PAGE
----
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The Mass Media

The Mass Media

The SNL writers’ room


Photograph of SNL production perspective.

I have long been intrigued by the SNL writers’ room. Saturday Night Live has been an influential force in my life, stirring my interest in comedic writing: the intricacies and genius behind it. Often overlooked as a genre, comedic writing is arguably the most difficult form of writing there is, for it is often the case that one can either write it naturally or simply cannot write it at all. Humor is a tricky thing, because it is destroyed by effort and created by accident or in a spark of an idea. You cannot force “the funny” in anything—it kills the laugh. Instead, in humor, you must sit back and let the ideas come to you. Then, you must be brutally cruel to your own writing and cut out everything that is only funny to you, and not anyone else. Then, you must be brave and present it to the world—and most of the time, it is still not funny.

Saturday Night Live attempts to ease the difficulties of writing humor by employing multiple comedic geniuses to work together in writing skits. This strategy is remarkably effective, because it expedites the process of cutting out what’s not funny, and creates a higher likelihood that something funny will spark. Putting a comedy writer in a room alone is like trying to start a fire with one match and damp wood—it may work, but probably not. On the other hand, putting a bunch of comedy writers in the same room to write together is like trying to start a fire with damp wood and many matches at the same time—it’ll probably burn for a little bit! In this strange analogy, the damp wood represents this strange and confusing modern we live in. This is an important context, for it is harder to create laughs when people are anxious or depressed by a pandemic or ineffective government (although suddenly, far more important!).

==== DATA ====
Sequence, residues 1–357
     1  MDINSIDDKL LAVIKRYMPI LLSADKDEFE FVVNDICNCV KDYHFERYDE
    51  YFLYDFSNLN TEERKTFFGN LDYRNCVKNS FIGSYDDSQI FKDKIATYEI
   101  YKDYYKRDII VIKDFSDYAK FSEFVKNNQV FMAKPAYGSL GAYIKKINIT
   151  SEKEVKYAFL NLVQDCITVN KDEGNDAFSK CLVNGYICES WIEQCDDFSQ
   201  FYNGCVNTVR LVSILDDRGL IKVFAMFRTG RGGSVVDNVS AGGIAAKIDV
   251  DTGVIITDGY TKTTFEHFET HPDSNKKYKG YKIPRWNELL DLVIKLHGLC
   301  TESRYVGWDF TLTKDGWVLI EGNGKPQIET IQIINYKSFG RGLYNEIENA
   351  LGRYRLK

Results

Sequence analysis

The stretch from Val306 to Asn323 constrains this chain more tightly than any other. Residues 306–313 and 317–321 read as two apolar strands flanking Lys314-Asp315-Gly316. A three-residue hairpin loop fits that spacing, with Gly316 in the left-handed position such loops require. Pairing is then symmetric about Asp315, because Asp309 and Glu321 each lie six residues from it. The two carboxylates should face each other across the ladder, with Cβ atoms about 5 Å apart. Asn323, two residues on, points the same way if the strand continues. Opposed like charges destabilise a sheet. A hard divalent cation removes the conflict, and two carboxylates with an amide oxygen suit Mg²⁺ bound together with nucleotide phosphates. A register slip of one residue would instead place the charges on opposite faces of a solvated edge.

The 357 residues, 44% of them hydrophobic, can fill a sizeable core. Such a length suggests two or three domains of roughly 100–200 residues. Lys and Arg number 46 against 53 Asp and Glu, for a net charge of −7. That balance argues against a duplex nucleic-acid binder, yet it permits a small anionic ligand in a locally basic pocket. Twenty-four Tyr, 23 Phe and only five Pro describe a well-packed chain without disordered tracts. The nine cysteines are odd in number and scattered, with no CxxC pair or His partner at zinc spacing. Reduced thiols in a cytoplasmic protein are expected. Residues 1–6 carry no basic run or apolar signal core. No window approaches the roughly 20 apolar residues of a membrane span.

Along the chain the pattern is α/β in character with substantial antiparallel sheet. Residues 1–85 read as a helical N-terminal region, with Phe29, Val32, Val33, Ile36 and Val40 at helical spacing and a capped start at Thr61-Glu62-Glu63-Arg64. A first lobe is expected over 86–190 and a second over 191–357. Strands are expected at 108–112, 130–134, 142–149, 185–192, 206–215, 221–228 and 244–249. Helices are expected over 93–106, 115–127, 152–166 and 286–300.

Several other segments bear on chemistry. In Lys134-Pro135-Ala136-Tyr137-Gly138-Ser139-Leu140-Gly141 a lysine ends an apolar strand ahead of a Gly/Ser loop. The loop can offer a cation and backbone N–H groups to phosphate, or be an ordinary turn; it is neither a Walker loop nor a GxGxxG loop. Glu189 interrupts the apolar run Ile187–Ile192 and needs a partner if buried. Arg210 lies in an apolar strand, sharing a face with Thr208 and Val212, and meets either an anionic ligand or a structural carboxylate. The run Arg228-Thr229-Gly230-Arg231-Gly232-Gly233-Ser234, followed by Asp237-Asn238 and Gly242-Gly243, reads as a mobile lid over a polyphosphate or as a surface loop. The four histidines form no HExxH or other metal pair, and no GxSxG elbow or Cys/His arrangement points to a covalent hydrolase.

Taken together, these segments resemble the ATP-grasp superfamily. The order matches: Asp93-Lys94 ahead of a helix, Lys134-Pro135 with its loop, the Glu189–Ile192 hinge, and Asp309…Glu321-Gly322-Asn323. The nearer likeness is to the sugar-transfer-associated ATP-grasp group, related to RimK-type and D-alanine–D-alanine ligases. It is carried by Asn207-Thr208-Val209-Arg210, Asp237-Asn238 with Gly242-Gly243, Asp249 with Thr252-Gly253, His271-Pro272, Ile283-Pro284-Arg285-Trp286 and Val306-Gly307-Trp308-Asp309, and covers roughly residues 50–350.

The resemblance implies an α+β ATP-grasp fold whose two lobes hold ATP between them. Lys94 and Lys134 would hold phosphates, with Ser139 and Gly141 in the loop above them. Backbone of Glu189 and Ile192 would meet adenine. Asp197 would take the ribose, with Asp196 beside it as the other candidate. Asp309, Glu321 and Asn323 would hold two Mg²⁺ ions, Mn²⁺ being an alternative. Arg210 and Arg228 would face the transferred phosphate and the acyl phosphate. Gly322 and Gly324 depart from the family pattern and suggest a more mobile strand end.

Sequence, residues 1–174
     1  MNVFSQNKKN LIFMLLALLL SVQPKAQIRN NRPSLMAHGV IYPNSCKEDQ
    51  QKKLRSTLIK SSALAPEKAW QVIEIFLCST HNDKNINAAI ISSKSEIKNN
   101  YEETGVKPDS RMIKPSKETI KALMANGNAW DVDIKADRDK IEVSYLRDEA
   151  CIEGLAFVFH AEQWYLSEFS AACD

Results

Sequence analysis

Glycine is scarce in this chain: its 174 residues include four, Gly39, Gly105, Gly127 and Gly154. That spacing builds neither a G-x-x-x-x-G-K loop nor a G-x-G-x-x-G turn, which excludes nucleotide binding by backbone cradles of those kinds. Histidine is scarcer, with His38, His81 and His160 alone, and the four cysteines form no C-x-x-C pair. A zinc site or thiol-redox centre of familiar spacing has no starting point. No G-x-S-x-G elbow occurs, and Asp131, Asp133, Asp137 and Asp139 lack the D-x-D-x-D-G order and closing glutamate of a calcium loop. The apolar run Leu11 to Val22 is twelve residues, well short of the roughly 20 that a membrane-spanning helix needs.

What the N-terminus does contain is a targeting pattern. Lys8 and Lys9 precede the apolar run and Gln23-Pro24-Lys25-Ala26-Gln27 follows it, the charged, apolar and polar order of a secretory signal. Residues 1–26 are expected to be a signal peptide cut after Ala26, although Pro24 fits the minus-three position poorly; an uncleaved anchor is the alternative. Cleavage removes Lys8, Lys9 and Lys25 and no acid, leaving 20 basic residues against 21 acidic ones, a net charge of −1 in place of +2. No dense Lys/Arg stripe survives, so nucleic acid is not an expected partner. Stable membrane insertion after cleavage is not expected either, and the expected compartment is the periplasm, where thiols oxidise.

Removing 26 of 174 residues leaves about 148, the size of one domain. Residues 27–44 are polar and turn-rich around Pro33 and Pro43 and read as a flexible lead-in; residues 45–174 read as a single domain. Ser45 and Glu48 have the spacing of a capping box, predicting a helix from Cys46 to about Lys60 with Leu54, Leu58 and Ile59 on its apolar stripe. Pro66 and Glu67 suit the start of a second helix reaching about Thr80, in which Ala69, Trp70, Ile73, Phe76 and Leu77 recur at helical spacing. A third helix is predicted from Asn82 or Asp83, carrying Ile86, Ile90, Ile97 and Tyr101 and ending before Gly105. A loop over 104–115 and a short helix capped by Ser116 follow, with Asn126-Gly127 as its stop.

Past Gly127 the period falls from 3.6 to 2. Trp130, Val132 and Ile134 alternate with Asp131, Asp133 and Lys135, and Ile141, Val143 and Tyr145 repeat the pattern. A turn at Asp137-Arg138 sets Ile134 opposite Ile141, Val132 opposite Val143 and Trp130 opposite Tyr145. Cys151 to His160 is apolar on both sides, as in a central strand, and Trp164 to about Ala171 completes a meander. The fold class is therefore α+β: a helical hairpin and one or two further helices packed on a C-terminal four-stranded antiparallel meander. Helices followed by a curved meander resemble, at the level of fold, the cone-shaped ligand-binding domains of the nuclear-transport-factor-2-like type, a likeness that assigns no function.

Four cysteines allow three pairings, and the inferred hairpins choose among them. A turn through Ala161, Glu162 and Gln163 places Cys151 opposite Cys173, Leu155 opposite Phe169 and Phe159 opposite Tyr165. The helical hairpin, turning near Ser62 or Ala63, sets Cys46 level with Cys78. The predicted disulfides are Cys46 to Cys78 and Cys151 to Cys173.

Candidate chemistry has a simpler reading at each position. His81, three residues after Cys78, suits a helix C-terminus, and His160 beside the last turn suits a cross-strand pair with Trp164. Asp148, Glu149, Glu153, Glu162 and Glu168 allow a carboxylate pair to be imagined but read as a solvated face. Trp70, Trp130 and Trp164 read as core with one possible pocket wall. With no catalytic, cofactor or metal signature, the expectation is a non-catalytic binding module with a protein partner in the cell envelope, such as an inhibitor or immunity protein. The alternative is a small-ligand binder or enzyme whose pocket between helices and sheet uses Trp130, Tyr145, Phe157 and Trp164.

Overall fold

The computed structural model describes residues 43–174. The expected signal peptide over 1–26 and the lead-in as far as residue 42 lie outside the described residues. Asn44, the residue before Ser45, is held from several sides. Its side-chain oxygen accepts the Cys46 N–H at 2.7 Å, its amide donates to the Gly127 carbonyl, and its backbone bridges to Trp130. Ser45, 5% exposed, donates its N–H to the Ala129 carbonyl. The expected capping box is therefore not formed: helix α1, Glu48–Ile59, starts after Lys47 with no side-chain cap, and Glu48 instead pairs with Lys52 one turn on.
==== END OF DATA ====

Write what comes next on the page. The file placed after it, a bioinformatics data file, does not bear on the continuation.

The cast of the SNL writers’ room is important to highlight, because they are all geniuses and important to the mission of comedy in their own way. 

Currently, the head writers at SNL consist of Colin Jost, Michael Che, Kent Sublette and Anna Drezen. Colin Jost and Michael Che are well-known for their weekly skit called “Weekend Update,” where they use jokes to translate recent news to the audience. 

Though there are many other wonderful writers at SNL, it would be tedious to list them all, because most of their names are totally unknown to the public. This is the tragedy and magic of being a writer for a television production: You are the essential core of the show, but you will likely never be famous because your face is not on screen. For some (such as myself), this is an ideal situation, for being famous seems stress-inducing, and being essential  to a production seems extremely satisfying work.

Many are wondering how SNL is producing now, during a pandemic. The answers are fairly simple. All the staff has to get tested for COVID-19 frequently, and everyone wears masks and social distances within the production (unless the camera is rolling). The writers’ room itself has changed enormously. Now, a lot of collaboration on skits happens using Zoom. Additionally, when writers wish to work in the same room they must wear masks and sit feet apart, which undoubtedly makes rapport more difficult. Nevertheless, the jokes must continue. Without laughter, we are lost.